Miguel Panao | Professor and Author

Finding ways to improve scientific writing and academic productivity.

Touch

When I began school, I was so excited about learning new things that as soon as I arrived home, I started teaching my younger sister what I learned. As soon as she started school, I noticed she was much better than I, and I’m happy to think I might have something to do with it.

Photo by Rod Long on Unsplash

Photo by Rod Long on Unsplash

When we were older, every time she asked for my help with something, I began explaining every detail, and she became tired saying –” I just asked you about this angle, not for the entire explanation of trigonometry!”

Now that I’m a professor when my students talk to each other during class and lack the motivation for paying attention, I feel sad because I realize the enormous learning potential being wasted, right there in front of me. I warn them, but wondered, have I lost the touch of making others learn better what I learned?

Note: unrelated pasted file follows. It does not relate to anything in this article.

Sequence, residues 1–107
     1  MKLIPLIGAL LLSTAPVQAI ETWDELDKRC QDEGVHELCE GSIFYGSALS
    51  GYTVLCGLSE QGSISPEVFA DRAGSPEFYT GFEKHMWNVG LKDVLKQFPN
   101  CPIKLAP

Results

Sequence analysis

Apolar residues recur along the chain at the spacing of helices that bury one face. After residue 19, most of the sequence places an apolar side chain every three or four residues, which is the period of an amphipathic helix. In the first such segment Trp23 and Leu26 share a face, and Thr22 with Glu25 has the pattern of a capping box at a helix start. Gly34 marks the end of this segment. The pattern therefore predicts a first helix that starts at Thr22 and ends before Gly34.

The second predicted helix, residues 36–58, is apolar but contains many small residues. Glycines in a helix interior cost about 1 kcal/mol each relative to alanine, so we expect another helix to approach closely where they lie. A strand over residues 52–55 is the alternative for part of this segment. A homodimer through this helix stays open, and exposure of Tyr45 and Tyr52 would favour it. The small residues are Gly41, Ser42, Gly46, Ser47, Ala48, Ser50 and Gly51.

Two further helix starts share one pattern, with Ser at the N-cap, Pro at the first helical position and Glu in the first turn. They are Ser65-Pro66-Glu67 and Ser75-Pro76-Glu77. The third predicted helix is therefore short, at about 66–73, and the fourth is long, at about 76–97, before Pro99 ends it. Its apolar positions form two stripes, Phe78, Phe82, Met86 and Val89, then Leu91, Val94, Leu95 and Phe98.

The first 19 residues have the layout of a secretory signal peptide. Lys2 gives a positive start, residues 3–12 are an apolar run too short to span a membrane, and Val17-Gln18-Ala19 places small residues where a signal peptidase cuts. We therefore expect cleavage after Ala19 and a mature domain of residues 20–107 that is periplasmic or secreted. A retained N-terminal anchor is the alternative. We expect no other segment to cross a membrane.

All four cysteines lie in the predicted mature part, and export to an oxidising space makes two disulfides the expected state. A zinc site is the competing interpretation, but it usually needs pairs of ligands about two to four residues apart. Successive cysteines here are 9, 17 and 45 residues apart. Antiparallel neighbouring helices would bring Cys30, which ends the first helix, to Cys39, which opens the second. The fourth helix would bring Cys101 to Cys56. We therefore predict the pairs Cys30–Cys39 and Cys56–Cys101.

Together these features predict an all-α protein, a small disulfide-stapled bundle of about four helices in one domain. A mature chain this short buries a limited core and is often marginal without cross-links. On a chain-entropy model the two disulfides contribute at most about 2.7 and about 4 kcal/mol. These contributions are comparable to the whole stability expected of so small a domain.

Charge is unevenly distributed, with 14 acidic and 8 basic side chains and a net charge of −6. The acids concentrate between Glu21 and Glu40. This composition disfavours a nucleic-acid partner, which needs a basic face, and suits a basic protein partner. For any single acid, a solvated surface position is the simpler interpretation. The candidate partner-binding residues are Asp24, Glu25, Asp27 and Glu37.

That’s when it hit me. Touch.

Touching others must be an essential element of every learning process. It’s the manifestation of inspiring moments.

Touching the mind and heart of a person is a delicate balance between excitement and observation, and learning it is a life-long process. Excitement shows how much you care about what you say. Observation gives you the necessary feedback to adjust how you’re touching others.

When we think we lost touch maybe it means something else. Perhaps the art of touching others through our teaching, learning and life experience evolves. How? I’m going to invest in being better at making myself one with those I mean to touch and see what happens.

About Miguel Panao

I am a Professor at the University of Coimbra in Mechanical Engineering. I am also author of books in the fields of environmental ethics and Science and Religion. From the several research projects, this site is personal and dedicated to the search for the best approaches, tools, techniques to improve scientific productivity.

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